I know almost nothing about security. So, please bear with me if the questions sound silly.

Is it possible for a malicious person to make an e-mail appear as if it came from a big company like Google, Apple, Cisco etc ? If yes, what kind of techniques do they use and how to detect these fake e-mails ?

Another thing - I guess that big companies like these must be having different servers to send out official e-mails. Is it possible for someone to create a fake server or add their own server to the company server list and then send malicious e-mails from it ?

Also, could someone silently hijack a company's mail server, send malicious e-mails to a few targets only to avoid detection ?

  • Joe Jobbing? Has been around ever since email was invented. Commented Dec 30, 2012 at 4:43
  • @FiascoLabs - hey ! thanks for mentioning that word. Had never heard of it until now. Commented Dec 30, 2012 at 9:54

5 Answers 5


It sounds like you're asking about email spoofing. Look here for a good primer on the subject

Email all by itself is not a secure technology, and it is very easy to spoof a sender. Often times the mail server doesn't need to be hijacked to send email as that person.

People who want to protect their branding need to implement anti spoofing technologies. Some anti spoofing technologies include SPF records, DKIM signing, and DMARC authentication.

When the sender and the receiver both implement SPF, DKIM and DMARC properly then spoofing risk is greatly reduced.


There is no security in emails.

Many people have tried to add some security, with methods which fall in roughly three categories:

  • Methods which try to validate emails by getting information on how a given email should be transported, in particular from which site / domain it may possibly be sent. DKIM and SPF are from this class of security methods.

  • Methods which try to guarantee provenance, down to the individual sender, with a lot of cryptography (S/MIME, OpenPGP...).

  • Obscure filters which attempt at pruning out the most obviously forged emails. Big sites are quite fond of these, and, of course, never explain the details. These filters tend to backfire (e.g. because of my name, emails I send to Hotmail addresses are classified as spams).

The core issue is that no security system can be complete unless everybody uses it. As long as there are people who may send emails which do not use DKIM/SPF/PGP/whatever, mail readers will accept "insecure" emails, and the problem will not be solved. This is not new. Securing emails was already talked about twenty years ago.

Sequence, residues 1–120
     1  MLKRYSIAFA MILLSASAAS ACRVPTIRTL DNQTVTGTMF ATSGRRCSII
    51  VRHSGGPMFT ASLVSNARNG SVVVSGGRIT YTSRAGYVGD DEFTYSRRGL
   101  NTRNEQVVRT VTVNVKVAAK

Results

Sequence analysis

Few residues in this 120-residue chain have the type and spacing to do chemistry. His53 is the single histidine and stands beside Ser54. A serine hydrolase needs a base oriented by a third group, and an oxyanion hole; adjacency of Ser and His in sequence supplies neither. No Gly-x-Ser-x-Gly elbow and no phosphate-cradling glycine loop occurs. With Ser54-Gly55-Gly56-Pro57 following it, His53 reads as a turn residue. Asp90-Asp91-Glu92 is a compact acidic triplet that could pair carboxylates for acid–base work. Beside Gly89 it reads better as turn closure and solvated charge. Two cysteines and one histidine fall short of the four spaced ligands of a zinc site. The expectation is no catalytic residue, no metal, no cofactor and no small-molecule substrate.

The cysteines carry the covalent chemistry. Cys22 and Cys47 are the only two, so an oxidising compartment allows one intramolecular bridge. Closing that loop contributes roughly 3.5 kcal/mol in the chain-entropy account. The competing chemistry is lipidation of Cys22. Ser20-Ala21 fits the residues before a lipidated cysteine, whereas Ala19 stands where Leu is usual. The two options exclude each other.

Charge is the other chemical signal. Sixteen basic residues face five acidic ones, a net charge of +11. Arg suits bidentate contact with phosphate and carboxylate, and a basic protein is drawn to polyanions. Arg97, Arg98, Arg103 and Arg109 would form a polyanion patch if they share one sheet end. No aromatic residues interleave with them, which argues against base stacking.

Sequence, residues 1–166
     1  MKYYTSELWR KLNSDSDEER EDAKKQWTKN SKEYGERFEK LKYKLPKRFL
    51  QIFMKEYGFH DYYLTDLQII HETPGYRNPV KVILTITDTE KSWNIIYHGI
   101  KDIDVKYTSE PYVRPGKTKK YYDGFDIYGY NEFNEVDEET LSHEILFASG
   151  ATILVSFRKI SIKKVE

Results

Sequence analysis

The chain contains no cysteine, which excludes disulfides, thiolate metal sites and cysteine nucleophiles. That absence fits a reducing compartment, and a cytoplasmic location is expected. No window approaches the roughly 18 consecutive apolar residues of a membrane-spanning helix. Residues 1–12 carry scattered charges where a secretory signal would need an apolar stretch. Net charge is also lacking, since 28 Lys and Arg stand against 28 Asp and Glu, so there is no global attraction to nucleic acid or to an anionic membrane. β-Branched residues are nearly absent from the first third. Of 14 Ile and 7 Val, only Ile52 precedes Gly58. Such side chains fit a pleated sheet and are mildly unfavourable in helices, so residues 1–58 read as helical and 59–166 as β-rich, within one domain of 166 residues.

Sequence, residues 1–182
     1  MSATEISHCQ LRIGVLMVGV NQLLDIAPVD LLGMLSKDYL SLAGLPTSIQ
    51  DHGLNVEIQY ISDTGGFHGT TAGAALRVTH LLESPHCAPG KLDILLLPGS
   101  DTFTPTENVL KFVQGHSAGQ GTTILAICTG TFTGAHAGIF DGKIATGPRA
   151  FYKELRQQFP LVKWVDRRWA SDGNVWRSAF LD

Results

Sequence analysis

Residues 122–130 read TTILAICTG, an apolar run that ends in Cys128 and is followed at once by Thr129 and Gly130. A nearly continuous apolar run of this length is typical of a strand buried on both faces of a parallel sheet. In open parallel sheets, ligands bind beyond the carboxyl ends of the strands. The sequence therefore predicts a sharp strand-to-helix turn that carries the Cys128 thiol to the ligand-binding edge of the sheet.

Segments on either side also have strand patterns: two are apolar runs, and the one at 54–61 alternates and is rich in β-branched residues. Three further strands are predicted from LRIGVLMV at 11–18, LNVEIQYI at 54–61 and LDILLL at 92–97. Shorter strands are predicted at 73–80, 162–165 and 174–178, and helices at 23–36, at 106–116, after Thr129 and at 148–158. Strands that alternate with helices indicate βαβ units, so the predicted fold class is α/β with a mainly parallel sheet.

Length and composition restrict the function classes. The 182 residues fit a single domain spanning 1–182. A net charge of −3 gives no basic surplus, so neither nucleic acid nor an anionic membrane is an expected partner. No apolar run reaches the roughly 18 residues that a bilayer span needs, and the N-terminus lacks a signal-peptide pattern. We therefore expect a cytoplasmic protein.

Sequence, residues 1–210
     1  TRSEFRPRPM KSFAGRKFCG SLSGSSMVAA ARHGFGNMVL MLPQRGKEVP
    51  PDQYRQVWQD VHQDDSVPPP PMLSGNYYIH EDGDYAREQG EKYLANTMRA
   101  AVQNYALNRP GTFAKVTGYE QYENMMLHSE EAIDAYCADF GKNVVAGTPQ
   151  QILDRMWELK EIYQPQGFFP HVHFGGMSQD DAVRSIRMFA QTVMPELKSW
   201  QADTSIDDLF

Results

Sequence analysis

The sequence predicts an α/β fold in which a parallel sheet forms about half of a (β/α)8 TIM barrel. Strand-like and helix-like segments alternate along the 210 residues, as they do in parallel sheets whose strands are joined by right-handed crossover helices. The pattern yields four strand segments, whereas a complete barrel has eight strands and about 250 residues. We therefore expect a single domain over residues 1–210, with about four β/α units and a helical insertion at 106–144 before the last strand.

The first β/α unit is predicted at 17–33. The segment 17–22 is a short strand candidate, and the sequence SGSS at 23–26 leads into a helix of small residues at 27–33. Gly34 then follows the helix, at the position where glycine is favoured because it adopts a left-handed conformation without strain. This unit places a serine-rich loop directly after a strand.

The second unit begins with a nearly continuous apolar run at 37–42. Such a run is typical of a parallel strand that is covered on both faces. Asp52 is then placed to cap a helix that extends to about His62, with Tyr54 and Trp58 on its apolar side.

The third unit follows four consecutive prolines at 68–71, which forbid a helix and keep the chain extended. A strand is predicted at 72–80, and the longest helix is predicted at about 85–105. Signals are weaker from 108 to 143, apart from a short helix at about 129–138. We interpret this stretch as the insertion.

I know almost nothing about security. So, please bear with me if the questions sound silly.

There is no silly question

As said previously there is some way to authenticate the smtp server but most small business (from my personal experience) do not have such capability. There is a lot of insecurity and a good example is godaddy anonymous smtp.

From a more global point of view, if the target has, for example, registered the domain with godaddy then a malicious user could just use the godaddy smtp server and use it as smarthost.

The email sender you see when you receive an email is for convenience and can be modified as desired. For anything to run well the email itself must be properly formatted and it can be achieve using a variety of programming language.


Is there a security in real mail?

Man could take a copy of a enterprise paper with header, write anything he want on paper, fold them in an envelop, write any expeditor name on the envelop and go with his car to a post office localized near the faked expeditor to send them by traditional post.

The recipient could become them, read post stample and belive this comme from faked expeditor.

For prevent this, expeditor have to place his signature on paper in order before the recipient could believe them.

Digitaly, all is same!


E-mail spoofing doesn't work for nearly every recipient because of the Sender Policy Framework. Which allows SMTP servers to verify if an email came from an allowed list of servers.

However, it maybe possible that the person you are trying to impersonate is sending email from an Open mail relay then it is possible to impersonate them. This can happen due to a misconfiguration. If they are using a reasonable email provider like gmail then this isn't going to work.

Another option is using SMTP Command Injection. If the person that you are trying to impersonate uses an SMTP server that is also shared by a web application. Then it maybe possible to to use SMTP command injection to communicate with the SMTP server. Google has suffered from this of flaw... and so do banks.

  • You said that Google also suffered from "SMTP Command Injection". Can you help me to find a web article that discusses this issue as it was faced by google ? thanks. Commented Dec 30, 2012 at 18:48
  • 2
    SPF is not broadly implemented
    – Jacco
    Commented Dec 30, 2012 at 19:15
  • @Jacco Exactly, thats why you need another vector like SMTP command injection.
    – rook
    Commented Dec 31, 2012 at 15:49
  • @FirstName LastName I remember reading some bug hunter's blog... but I can't find it now. Sorry.
    – rook
    Commented Dec 31, 2012 at 15:50

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